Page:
Summer is here! One reason I love summer: I feel energized about so many things (maybe it’s because the days are longer—and there’s plenty of mood-boosting sunshine!). Two of the things that always get a jump-start when summer rolls around: my eating and exercise habits. I have to be honest: winter takes a bit of a toll on my good intentions (I’d rather stay bundled up then head out to the park for a run—and I always seem to bake more comfort foods during the cold-weather months).

So with the arrival of the summer, I wanted to share three healthy-eating tips that I’ve learned from my past experience as Editor in Chief of Shape. Take these tips and shape them to your life, your cravings, and your body: that’s what will result in a healthier you—no matter what time of the year it is. And at the end of the day, that’s the goal we’re all after!
 

  1. Follow your gut, literally.
    Our bodies are pretty darn smart; I know that when I’m telling myself that I should eat a salad for lunch on a rainy day, my body is shouting, “HAMBURGER! PLEASE!” There used to be times that I ignored this inner voice and had the salad. But I quickly learned that in so doing, I ended up binging on something unhealthy (e.g. cookies or chocolate) later in the afternoon. Why? I was trying to feed—and satisfy—a body that wasn’t fulfilled at lunch. So whatever you eat, follow your gut…and make your choice the healthiest possible. If it’s a burger, have it sans the bun (my favorite way to eat a burger!), with a side salad (to up your daily produce intake), which brings me to my next point…

  2. Get enough fruits and veggies.
    There are days where I could go without eating enough produce (the recommendation is 5 to 9 one-half cup servings per day); this was typical during the winter and spring. On these days, I have to really make it a point to add more fruits and veggies to my diet because they’re such an important source of critical nutrients like vitamin C, B6, magnesium, calcium, and fiber (to name just a few). But when summer rolls around, though, I get re-motivated to get back on track—thanks to all the seasonal fresh fruits and veggies making their way into the produce aisle. I make sure that I’m getting one or two servings of fruit at breakfast (I love red grapefruit, so I eat a whole one—which is two servings right there), at least two servings at lunch (why adding a small salad to any meal is an easy way to do this), and at least two servings at dinner (a good rule of thumb: make half your dinner plate veggies).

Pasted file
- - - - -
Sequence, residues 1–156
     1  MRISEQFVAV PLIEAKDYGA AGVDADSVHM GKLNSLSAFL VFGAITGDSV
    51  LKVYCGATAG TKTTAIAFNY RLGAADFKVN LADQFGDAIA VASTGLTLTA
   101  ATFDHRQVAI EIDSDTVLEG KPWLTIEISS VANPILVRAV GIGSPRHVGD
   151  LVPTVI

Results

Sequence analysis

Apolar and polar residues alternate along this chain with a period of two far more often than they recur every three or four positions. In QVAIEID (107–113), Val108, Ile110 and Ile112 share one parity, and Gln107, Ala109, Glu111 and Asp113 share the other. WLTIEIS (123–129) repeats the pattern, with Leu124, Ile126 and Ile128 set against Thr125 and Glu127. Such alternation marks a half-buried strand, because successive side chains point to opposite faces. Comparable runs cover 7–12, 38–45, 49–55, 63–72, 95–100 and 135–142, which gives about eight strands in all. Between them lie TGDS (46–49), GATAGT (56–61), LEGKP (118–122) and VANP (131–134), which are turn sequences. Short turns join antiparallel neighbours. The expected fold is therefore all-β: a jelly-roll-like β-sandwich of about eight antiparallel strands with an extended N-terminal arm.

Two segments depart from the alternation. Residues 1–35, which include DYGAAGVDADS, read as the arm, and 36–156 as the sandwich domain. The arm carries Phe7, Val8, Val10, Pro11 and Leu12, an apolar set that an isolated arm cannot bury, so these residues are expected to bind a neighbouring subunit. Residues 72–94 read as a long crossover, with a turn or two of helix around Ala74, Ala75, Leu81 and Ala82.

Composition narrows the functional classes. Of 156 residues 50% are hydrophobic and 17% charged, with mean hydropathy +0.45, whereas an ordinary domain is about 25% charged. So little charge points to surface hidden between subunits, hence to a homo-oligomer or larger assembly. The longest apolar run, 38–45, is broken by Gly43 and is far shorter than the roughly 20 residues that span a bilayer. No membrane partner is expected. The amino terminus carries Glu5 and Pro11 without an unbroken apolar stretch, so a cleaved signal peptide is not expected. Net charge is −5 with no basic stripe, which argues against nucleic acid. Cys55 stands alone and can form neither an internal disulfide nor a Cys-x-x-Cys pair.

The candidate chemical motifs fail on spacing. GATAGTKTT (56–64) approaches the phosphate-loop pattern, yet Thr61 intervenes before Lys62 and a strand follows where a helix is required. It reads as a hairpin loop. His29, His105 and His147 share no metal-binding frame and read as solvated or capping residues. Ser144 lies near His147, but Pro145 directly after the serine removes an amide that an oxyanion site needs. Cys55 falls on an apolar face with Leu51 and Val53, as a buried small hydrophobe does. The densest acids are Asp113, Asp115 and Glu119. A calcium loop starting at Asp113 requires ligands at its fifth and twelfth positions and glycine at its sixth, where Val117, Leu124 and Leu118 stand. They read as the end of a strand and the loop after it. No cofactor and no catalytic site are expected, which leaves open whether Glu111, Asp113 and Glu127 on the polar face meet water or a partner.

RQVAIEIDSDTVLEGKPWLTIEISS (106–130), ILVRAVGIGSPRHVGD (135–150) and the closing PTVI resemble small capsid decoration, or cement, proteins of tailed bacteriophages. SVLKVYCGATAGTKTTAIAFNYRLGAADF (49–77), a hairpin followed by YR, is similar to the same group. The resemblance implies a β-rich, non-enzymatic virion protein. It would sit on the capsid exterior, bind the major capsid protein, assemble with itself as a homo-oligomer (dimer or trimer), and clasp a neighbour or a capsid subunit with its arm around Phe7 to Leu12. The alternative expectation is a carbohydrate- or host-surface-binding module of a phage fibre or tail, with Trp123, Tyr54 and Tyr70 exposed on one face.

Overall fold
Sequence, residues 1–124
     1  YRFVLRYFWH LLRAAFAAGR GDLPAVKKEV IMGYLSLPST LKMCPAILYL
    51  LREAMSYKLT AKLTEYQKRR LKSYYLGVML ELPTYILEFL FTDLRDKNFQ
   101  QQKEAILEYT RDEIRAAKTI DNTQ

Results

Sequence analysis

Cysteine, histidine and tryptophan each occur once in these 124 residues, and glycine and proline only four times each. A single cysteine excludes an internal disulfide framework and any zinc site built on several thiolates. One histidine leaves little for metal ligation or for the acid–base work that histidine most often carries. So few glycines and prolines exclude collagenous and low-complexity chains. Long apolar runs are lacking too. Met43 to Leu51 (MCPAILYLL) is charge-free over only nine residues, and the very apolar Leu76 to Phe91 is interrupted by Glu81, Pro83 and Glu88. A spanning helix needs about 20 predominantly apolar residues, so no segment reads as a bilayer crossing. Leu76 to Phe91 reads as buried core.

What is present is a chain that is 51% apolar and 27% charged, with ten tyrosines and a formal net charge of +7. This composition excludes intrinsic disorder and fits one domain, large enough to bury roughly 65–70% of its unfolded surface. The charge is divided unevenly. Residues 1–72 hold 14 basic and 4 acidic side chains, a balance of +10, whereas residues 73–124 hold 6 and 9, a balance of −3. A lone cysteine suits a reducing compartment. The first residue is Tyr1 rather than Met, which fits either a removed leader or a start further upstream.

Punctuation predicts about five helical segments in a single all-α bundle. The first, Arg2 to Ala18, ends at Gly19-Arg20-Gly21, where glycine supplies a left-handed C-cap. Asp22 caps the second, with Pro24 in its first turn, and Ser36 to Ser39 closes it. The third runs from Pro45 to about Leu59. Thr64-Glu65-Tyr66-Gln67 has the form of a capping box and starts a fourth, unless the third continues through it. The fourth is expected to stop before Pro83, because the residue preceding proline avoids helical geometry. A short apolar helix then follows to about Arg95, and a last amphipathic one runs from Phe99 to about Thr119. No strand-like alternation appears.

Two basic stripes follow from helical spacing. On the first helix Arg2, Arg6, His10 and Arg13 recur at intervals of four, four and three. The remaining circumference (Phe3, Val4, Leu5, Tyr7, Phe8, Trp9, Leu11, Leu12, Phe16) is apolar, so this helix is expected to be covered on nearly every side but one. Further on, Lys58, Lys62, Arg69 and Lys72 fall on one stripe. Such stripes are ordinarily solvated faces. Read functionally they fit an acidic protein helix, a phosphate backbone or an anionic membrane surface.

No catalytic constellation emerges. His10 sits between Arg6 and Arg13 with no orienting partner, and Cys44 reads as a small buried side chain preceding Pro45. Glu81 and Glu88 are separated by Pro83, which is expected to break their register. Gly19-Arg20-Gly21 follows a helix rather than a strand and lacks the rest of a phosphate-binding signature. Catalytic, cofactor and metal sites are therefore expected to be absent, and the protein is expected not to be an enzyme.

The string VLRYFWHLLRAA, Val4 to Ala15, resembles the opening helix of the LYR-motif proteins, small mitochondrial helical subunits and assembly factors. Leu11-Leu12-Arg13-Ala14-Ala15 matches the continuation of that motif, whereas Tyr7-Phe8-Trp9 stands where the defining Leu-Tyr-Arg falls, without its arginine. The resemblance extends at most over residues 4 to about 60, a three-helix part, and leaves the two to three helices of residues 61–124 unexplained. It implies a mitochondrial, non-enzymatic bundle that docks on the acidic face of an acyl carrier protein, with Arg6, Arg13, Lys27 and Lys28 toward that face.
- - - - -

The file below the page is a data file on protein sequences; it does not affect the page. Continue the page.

3. Eat at home.
    There’s no question about it: when you eat at home, your food is fresher and healthier than if you eat at a restaurant. I know what you’re probably thinking: cooking at home—with everything else we have to do—is often impossible (not to mention exhausting). But a friend of mine (with four kids, no less!) opened my eyes to simple healthy cooking—and my mealtimes have been transformed. She made me realize that keeping on hand certain essentials all the time can make cooking at home easy—and fast.

The essentials (highlighted in bold):

  • pre-cooked chicken strips (available at any grocery store). I cut these up and add to lettuce for salads; heat up and serve over rice (look for frozen rice, an invention that’s brilliant: just pop it in the microwave for 5-10 minutes and voila! it’s done); or serve with reheated frozen veggies (these are frozen at the peak of their freshness, so they’re almost as healthy as any fresh produce; just steam—and season—for a nutritious side dish).
  • pasta, which is perfect for a quick meal any night of the week
  • vacuum-packed bags of salmon (you can toss with pasta or make a quick salmon salad with it)
  • sweet potatoes, which I cut up and steam—an easy side dish!
  • olive oil (perfect for sautéing veggies or drizzling over salad)
  • fresh garlic, which adds flavor to just about anything (and is healthy for you, too!)
  • cans of black, white, garbanzo, and kidney beans. You can literally just pour these beans into a pan and sauté with some spices—and you have a great main course.

These are just some things that work for me. The key is to find techniques that work for you—not for your neighbor, your sister, or your co-worker. Bon appétit!